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January 2012: The Eye of the Tiger

The Eye of the Tiger

The Eye of the Tiger

Wildlife artist Robert Fuller takes a walk in the wild side with a magnificent predator as featured in the Gazette & Herald January 2012.

OVER the Christmas break I've been going through my photographs of tigers as I'm planning a new painting of this magnificent striped predator. There are less than 3,000 tigers left in the wild and yet it is still legal to sell tiger skins in China. Chinese superstition is one of the primary reasons behind the demise in numbers. There is huge demand for tiger skins, genitals, bones, teeth and nails.

I count myself lucky to have seen tigers in the wild. But, if the rampant poaching continues who knows if they'll still be around by the time my daughters grow up. I travelled to India recently and visited the national parks Kanha, Bandhavgarh and Ranthambhore.

During my stay I enjoyed 24 sightings of 16 different tigers so to the tourist's eye, all seemed well. But, as with so much in India, the reality is very different. According to the latest statistics from the Wildlife Institute of India, the tiger population in this country is an estimated maximum of 1,600 and reports only marginal increases year on year within the Parks.

Nothing prepares you for actually seeing the 3 metre length of a tiger glide effortlessly by you. It made quite an impression, as did the deep gorges that its claws had left in a tree used as a scratching post over 3 metres up from the ground. Seeing a tiger felt surreal. But that had more to do with the fact that I was perched on the back of an elephant at the time and the mahout - the man in charge of the elephant - kept asking for a cash advance to see the tiger for a little bit longer, which turned the experience into a bit of a circus.

It was certainly a far cry from peaceful wildlife sightings back home. But it was India after all - where anything can happen. Poverty is everywhere in India and the sheer rawness of it was a real shock.

On top of that the effects of the poverty on the landscape were dramatic. In some places oddly shaped dead tree stumps are all that are left to remind you of the forests that once prospered. These have gone to provide building materials and firewood for a desperate population. Overgrazing by goats have exacerbated the situation turning the scenery to dust.

The national parks meanwhile are lushly forested and flow with clean water. To travel between the two was a bizarre experience. Nowhere was this distinction more apparent than between the dust ball village of Sawai Madhopur and the adjacent Ranthambhore National Park. Locals will proudly tell you it's 'where Bill Clinton came', not that this in itself appears to have done any good.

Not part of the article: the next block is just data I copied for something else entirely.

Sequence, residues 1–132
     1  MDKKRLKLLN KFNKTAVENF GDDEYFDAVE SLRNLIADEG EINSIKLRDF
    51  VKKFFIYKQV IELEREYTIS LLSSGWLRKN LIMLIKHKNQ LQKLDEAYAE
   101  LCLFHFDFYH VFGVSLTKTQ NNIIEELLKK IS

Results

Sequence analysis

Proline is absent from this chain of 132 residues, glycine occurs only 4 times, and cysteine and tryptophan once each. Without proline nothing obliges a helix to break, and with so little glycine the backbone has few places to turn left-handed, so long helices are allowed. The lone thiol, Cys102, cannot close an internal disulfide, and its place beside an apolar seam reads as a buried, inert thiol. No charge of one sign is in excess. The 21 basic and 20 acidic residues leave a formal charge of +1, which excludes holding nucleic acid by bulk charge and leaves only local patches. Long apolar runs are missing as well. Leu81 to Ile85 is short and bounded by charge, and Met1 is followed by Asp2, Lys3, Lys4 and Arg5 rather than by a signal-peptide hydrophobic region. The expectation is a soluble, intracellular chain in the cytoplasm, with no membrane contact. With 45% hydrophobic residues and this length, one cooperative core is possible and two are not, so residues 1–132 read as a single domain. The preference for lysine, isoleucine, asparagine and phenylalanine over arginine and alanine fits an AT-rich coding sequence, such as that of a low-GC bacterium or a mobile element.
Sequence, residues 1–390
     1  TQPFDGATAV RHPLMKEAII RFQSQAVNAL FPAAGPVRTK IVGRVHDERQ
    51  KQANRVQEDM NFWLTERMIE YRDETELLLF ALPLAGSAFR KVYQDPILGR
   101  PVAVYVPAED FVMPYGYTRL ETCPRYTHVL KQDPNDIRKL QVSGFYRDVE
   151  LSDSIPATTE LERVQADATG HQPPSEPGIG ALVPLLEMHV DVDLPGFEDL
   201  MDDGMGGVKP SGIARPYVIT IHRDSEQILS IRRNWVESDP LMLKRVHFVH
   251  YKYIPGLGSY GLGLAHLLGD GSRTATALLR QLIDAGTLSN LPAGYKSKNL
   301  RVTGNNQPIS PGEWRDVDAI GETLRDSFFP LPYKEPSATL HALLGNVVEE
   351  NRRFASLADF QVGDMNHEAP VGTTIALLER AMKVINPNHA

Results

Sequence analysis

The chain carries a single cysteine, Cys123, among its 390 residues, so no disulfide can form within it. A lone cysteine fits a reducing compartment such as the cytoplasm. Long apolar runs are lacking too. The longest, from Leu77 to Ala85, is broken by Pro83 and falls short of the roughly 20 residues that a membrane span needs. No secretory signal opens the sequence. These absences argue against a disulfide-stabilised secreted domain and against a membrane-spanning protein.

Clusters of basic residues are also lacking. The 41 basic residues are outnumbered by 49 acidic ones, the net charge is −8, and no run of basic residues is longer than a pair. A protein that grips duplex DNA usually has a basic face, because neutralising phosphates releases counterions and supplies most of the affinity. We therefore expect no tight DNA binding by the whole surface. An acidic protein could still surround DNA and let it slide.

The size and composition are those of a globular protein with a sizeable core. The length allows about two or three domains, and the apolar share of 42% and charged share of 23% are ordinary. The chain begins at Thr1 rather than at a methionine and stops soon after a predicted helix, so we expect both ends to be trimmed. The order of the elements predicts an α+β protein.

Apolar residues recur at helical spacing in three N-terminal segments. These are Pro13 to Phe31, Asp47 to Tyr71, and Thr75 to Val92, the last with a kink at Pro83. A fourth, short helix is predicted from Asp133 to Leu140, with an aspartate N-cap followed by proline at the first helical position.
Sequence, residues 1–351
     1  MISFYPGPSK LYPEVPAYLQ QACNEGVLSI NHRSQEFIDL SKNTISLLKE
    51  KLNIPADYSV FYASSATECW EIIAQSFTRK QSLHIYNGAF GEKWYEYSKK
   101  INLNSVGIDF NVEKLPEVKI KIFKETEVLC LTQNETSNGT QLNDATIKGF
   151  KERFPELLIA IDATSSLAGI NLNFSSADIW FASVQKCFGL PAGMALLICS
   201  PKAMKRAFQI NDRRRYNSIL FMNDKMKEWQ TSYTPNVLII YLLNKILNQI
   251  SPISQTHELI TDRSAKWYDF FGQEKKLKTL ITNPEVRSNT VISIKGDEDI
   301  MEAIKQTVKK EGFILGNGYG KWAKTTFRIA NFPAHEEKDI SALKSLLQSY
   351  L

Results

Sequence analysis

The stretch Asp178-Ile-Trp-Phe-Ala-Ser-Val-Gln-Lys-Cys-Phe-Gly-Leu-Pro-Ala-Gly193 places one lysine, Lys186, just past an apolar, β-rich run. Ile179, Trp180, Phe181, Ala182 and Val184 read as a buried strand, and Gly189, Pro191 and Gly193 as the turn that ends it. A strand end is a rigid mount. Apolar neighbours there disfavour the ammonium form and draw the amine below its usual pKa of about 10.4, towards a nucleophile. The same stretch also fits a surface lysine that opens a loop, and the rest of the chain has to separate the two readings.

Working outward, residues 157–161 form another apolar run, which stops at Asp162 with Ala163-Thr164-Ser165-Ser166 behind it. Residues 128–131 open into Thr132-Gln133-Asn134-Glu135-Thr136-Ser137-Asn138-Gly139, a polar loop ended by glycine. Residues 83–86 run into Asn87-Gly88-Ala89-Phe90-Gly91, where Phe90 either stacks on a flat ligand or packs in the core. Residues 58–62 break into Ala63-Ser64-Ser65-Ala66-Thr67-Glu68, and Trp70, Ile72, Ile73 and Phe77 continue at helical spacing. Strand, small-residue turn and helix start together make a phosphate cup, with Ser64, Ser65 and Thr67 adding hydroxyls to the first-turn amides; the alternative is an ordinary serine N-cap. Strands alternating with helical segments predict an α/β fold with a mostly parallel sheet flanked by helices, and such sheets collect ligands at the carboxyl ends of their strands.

Ranthambhore has vast lakes, dramatically ruined temples and palaces, densely forested areas and deep gorges. Its original purpose was as hunting grounds for the Hindu Raj. It was here I had one of the most spectacular wildlife-watching moments of my life.

My wife and I had hired a driver to guide us through the park and after bumping along the dusty roads for days in sweltering 45 degree heat, we had had no sightings of tigers. We paused under a tree to think up a new plan for our tiger search. Below us was a lake covered in water lilies and beyond it a distant temple slowly being enveloped by the surrounding forest.

As gazed at the temple I spotted a tiger looking out of one of the arches. I grabbed my binoculars to confirm the sighting. 'Tiger, tiger, tiger' the driver shouted, leaping around the jeep excitedly in a most peculiar fashion so that it was hard to actually watch what was going on.

This tigress was a long way off and protected from the noise by the vast stretch of water between us. She purveyed the scene nonchalantly. Some distance away, a group of samba deer munched waist deep in the lake on tender water lily stems. As the deer moved unwittingly towards the tiger, a flash of mischief flickered across her eyes, and I knew: she was going to hunt.

She leapt down from the temple and started charging through the water towards the samba. The samba scattered, alarm calling, but both the deer and the tiger were encumbered by deep water. It was as if it was all happening in slow motion.The tiger singled out an individual and steered it towards a rocky causeway which separated the lake in half.

She pursued the samba with great gusto for 100 metres or so. But then, just when she was a whisker away from an easy meal, she missed her footing and stumbled. She had let her prey get away, and was clearly disgruntled, flicking her tail angrily at her clumsiness and glancing back to see where she had gone wrong.

Our guide had continued to jump up and down throughout the sighting which had made getting these shots even more challenging. Yet, the strength and power of that tiger was breathtaking to watch.

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